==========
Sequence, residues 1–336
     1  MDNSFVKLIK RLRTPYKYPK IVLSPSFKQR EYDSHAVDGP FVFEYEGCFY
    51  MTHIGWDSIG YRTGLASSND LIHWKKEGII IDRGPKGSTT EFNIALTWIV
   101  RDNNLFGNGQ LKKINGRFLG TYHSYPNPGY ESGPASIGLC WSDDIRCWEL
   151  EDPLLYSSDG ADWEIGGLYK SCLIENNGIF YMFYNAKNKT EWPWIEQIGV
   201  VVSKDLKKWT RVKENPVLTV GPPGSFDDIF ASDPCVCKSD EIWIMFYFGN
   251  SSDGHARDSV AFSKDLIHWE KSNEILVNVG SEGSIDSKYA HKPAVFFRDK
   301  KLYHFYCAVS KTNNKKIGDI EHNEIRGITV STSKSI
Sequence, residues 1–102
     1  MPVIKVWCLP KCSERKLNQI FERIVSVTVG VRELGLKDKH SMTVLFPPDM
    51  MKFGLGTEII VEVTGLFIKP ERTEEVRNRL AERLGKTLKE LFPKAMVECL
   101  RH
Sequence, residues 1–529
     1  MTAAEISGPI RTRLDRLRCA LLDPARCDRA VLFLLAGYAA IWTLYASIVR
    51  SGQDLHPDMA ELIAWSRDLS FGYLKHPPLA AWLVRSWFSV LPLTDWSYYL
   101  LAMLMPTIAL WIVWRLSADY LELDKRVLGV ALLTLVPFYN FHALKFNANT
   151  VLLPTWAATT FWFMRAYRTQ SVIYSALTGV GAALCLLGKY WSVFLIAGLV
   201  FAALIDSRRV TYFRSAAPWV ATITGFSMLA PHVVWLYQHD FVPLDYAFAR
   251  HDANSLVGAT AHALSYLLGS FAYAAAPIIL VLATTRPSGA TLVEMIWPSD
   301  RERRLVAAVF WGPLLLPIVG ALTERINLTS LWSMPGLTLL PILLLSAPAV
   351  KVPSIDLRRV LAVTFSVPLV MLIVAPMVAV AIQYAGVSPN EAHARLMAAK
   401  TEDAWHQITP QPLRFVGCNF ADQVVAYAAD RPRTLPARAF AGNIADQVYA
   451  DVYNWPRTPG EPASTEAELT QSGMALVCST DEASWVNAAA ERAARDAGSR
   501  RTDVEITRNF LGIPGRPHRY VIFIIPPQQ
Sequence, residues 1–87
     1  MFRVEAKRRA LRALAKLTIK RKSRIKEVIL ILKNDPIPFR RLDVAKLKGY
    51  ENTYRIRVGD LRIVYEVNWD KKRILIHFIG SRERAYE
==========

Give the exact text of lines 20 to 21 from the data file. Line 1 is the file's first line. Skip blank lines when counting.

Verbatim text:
   301  RERRLVAAVF WGPLLLPIVG ALTERINLTS LWSMPGLTLL PILLLSAPAV
   351  KVPSIDLRRV LAVTFSVPLV MLIVAPMVAV AIQYAGVSPN EAHARLMAAK